Stagnant Rates Leave WAPA at Risk of Running Out of Fuel, Officials Say

Nov. 13, 2007 — After operating on the same levelized energy-adjustment clause (LEAC) rate for almost the past year, the V.I. Water and Power Authority will soon find it hard to purchase the fuel needed to keep the utility up and running, officials said during an emergency board meeting Tuesday.
In hopes of solving the problem, WAPA's governing board authorized its officials to petition the Public Services Commission for a LEAC increase on both the water and electric sides. If approved, it would be effective at the beginning of December. The proposed electric rate would jump from $0.192759 per kilowatt hour to $0.278505 per kilowatt hour.
After the meeting, WAPA officials said they have been getting around recent spikes in fuel prices by cutting back on their purchases and dipping into their contingency stock, which is set aside for emergency use during hurricane season.
"We usually keep about 14 days worth of fuel in our inventory supply at all times," explained Nellon Bowry, WAPA's interim executive director. "Lately, we've cut that down to seven days' worth, and have reduced our shipments from Hovensa. That's going to allow us to save about $3 million. In terms of using our contingency fuel, we usually don't start using that until December, after hurricane season. This year, we're going to have to tap into it a little early."
Come January, the utility may not have enough money to make any fuel purchases, he added, stressing the importance of the PSC's approval of the new LEAC petition. WAPA paid $65 per barrel of fuel last January, according to a recent news release from the authority. That cost will hit about $82 per barrel this month, with a forecasted price of nearly $89 per barrel over the next two months. Prices are expected to top off at about $95 per barrel during the first six months of 2008.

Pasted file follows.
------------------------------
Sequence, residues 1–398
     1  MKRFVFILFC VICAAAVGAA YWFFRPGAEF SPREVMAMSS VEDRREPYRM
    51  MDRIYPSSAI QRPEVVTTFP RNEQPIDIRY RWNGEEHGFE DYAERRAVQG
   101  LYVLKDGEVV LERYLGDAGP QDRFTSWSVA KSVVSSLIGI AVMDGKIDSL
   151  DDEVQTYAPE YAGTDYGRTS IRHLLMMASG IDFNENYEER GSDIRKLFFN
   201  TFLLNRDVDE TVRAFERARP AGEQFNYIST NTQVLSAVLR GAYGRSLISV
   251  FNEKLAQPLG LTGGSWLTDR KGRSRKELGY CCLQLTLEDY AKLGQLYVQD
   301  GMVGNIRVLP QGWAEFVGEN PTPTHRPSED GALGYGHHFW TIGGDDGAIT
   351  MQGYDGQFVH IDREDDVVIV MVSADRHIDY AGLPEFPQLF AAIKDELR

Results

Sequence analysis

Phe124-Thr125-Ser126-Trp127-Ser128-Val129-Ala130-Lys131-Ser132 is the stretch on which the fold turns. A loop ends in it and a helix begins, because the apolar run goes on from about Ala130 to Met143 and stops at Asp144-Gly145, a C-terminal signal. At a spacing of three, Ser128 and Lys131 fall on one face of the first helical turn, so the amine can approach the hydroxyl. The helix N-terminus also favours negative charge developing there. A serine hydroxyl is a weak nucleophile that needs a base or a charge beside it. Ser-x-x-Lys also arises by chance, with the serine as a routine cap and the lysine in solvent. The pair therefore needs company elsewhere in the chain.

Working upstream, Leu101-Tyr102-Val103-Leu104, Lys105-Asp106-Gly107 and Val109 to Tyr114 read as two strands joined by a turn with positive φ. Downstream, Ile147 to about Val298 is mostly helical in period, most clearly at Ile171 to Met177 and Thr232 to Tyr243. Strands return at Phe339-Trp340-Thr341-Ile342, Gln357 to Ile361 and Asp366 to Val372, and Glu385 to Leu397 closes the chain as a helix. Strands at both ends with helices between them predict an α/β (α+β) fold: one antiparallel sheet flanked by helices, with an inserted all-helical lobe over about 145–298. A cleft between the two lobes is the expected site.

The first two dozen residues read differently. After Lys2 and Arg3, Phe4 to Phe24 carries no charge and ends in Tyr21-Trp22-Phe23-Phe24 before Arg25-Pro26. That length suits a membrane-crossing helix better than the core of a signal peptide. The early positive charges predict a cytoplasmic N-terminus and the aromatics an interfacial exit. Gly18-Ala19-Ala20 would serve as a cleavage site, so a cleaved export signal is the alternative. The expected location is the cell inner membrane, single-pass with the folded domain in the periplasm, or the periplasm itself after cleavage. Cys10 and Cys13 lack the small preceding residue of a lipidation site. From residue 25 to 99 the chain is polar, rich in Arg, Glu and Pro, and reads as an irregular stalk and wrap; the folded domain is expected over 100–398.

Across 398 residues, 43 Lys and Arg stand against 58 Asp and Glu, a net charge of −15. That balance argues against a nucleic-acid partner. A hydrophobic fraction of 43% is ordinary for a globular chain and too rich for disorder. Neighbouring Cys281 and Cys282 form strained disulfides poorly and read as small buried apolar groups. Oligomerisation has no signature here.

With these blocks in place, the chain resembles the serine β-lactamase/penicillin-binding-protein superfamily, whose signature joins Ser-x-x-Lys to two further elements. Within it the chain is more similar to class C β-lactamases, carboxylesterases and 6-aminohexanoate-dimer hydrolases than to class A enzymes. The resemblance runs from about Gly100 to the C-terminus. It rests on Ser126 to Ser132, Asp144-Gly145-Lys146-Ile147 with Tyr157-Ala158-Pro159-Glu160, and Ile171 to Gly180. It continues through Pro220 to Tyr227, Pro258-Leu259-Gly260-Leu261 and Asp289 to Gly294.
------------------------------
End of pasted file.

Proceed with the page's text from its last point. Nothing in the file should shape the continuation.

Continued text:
If the proposed electric rate is approved, customers' monthly bills will increase from the current $139.01 to $188.88 — a nearly 31 percent jump for households using an average of 500 kilowatt hours. Commercial customers using an average of 1,200 kilowatt hours will see a 28.1 percent increase in their bills, while large power users will see a 33-percent increase.
On the water side, the LEAC rate would increase 5.3 percent, from $7.58 per every thousand gallons to $8.82, bringing customers bills up from $56.75 to $59.73.
Board members unanimously approved the proposal, which they said would be one effective solution to WAPA's continuing cash-flow problems. Some, such as board member Noel Loftus, pointed out that the utility will continue to be short on operating funds over the next three months, and are anticipating a $3.9 shortfall this month, a $4.2 million shortfall next month and a $12 million shortfall in January.
WAPA's last LEAC proposal was shot down by PSC members during a meeting in August, a move utility officials had said would cost them an additional $8.9 million in deferred fuel costs. In denying the request, the PSC also went against recommendations put forth by its own advisors, Georgetown Consulting Group, whose representatives suggested that LEAC rates on the electric side climb by about 2.1 cents per kilowatt hour. (See "PSC Nixes New LEAC Hike, OKs Summer Cut in Ferry Service.")
Hoping to counteract the effect of the proposed LEAC rates, board members also authorized the utility to petition the PSC to continue, for three years, a fuel-hedging program launched earlier this year. Over the three years, WAPA would hedge 75 percent of its annual fuel supply, or about 1.8 million barrels of oil.
WAPA executed its first hedge earlier this year after receiving authorization from the PSC to set up a pilot program, hedging not more than 360,000 barrels of oil over a six-month period. Ultimately, the program seeks to reduce the volatility of the price of oil, which is subject to fluctuations in the fuel market. The program allows WAPA to set an anticipated cap and floor price for fuel — meaning the utility will not have to pay more than a particular per-barrel price if rates increase.
If the price of oil dips below the set floor price, however, WAPA would have to cover the difference and pay penalties to its providers, financial institutions such as Morgan Stanley and Citigroup.
Present during Tuesday's meeting were board members Brenda Benjamin, Alphonso Franklin, Loftus, Robert Mathes, St. Claire N. Williams and Juanita Young.
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